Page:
River Runners

For those who made a living off of river running, the construction of the Glen Canyon Dam was detrimental to their livelihood. River runners were and still are among the most prominent opponents of the dam. Their trips offered once in a lifetime experiences to many visitors, and after the announcement and construction of the dam, that statement became even more true. 

<a href="/items/browse?advanced%5B0%5D%5Belement_id%5D=50&advanced%5B0%5D%5Btype%5D=is+exactly&advanced%5B0%5D%5Bterms%5D=Hite+Ferry+p.13">Hite Ferry p.13</a>

Arthur L. Chaffin and Harry Aleson ferry passengers across Colorado River for Hite Ferry dedication, July 17, 1946.

<a href="/items/browse?advanced%5B0%5D%5Belement_id%5D=50&advanced%5B0%5D%5Btype%5D=is+exactly&advanced%5B0%5D%5Bterms%5D=Larabee+and+Aleson+Western+River+Tours">Larabee and Aleson Western River Tours</a>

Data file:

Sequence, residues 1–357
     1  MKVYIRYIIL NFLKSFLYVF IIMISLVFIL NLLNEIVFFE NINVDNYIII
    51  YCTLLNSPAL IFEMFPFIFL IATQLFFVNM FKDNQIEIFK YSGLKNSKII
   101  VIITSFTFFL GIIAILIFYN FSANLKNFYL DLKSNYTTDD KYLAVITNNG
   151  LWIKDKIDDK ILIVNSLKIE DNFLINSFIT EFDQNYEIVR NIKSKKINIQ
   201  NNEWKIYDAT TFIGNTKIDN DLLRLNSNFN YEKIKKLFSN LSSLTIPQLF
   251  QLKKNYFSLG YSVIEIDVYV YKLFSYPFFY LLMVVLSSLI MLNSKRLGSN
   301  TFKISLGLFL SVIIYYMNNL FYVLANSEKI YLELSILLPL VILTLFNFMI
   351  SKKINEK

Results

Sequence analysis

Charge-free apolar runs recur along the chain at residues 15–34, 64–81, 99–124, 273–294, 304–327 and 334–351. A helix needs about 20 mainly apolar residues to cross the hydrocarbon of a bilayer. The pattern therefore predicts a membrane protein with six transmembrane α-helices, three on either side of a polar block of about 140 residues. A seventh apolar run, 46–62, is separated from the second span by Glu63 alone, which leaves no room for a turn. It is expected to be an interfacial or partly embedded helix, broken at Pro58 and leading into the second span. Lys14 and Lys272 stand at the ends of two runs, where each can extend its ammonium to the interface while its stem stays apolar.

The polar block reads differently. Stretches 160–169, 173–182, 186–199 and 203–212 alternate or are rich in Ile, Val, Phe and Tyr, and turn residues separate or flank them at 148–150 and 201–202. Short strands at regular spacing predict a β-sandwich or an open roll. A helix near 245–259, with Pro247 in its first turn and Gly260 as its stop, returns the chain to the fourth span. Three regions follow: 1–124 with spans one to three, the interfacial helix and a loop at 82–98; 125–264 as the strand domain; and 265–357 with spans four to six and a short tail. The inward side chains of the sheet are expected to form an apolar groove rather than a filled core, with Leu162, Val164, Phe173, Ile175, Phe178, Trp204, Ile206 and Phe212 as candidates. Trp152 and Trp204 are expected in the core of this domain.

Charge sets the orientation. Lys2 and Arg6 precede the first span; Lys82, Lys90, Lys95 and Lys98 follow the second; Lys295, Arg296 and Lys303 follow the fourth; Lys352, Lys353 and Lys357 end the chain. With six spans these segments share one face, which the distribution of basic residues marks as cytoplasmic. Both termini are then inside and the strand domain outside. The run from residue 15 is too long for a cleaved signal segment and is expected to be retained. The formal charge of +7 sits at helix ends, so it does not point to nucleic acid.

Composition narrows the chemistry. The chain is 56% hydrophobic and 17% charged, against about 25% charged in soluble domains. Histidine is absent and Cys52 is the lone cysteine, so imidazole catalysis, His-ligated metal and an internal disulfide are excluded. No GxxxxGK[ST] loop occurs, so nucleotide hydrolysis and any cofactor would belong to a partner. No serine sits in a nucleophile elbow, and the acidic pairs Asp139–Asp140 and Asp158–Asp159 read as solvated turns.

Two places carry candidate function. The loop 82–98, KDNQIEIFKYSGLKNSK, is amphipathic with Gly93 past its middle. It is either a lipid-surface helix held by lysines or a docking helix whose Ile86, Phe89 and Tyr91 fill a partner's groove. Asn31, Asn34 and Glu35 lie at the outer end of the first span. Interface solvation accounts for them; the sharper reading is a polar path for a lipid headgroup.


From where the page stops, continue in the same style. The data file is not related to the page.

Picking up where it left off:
The opening to this advertisement immediately catches the reader’s eye. What is the invitation to? Well, in this case it’s to view and capture photos of Glen Canyon in a way that might never be possible again. This Larabee and Aleson Western River Tours ad captures the disdain and anger that people using the river felt at the knowledge that the Glen Canyon Dam was to be built. Larabee and Aleson certainly weren’t the only ones who felt this way, as Glen Canyon was a way for a few people to make a living, as well as a source of beauty and solace for many more.